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Debugging UNIX sockets with socat

Written by Matthew Scharley at Monday, 19 March 2012 - 10:02

Last updated: Friday, 23 March 2012 - 13:41

A while ago, I came across an interesting problem: how do you listen in on UNIX sockets? For IP, there are tools like wireshark that will display in great detail all the network traffic that go through your system, but these tools can’t listen in on UNIX sockets.

Introducing socat

So, what is socat?

Socat is a command line based utility that establishes two bidirectional byte streams and transfers data between them. Because the streams can be constructed from a large set of different types of data sinks and sources (see address types), and because lots of address options may be applied to the streams, socat can be used for many different purposes.

socat manpage

In other words, socat sits in the middle of two different sources of IPC and passes data between them. I use the term IPC because socat understands so many different formats that it is a little rediculous. It can process and translate between the following formats (not even close to a comprehensive list):

  • TCP with or without SSL
  • UNIX sockets
  • regular files
  • stdin/stdout of another process

As you can see, it’s very flexible. It also supports logging all traffic that flows through it. Which brings us back to our original point.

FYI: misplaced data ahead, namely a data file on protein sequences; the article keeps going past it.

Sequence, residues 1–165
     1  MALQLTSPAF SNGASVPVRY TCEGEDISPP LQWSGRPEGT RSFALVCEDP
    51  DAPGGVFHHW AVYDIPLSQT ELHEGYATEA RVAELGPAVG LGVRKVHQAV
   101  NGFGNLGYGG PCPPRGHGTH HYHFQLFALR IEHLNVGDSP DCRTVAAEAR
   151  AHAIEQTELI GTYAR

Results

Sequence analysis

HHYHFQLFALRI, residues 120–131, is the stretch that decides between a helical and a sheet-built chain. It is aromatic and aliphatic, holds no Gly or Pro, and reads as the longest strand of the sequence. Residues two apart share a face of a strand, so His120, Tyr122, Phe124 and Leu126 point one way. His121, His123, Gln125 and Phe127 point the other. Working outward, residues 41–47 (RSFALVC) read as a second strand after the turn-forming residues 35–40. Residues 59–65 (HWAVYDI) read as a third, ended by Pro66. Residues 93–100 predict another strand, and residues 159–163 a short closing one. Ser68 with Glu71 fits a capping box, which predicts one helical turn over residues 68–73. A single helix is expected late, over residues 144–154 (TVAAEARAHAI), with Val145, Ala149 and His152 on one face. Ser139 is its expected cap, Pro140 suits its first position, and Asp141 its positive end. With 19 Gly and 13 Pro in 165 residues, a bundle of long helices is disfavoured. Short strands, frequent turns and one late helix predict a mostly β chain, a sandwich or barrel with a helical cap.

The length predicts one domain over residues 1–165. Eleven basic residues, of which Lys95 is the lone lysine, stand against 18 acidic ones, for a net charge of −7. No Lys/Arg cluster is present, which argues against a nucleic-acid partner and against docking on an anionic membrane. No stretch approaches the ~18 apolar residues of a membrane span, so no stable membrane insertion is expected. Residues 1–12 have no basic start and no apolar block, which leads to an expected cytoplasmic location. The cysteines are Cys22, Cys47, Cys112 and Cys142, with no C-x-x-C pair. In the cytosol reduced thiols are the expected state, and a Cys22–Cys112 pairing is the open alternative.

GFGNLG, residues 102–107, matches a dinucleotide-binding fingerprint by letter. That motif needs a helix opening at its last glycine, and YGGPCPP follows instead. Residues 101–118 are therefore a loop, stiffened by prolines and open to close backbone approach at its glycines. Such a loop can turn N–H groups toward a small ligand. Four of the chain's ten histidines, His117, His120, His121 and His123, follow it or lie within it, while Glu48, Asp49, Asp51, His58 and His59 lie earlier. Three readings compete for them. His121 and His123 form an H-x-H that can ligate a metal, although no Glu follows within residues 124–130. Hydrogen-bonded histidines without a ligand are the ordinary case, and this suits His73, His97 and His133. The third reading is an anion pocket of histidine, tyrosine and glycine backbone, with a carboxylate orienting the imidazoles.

Debugging UNIX sockets

UNIX sockets are great for all sorts of reasons, including ensuring that they are only available locally. However, this also means that they are hard to listen in on and debug. So, enter socat:

$ socat -v UNIX-LISTEN:/tmp/socat-listen UNIX-CONNECT:/path/to/real.socket

Now, point the client application at /tmp/socat-listen instead of the real socket and enjoy the conversation.

Or, if you wish to provide your own test data rather than simply listening in:

$ socat -v READLINE UNIX-CONNECT:/path/to/real.socket

With this, socat will use readline to get data from the console, and print back any replies.

In closing

Obviously, this is only one way to use socat. It’s a very powerful application, and can be put to lots of good uses. This is just one of the more obscure things you can do with it. You could even use it as a telnet replacement if you really wanted to with the second example. You should explore the man page to get other cool ideas.

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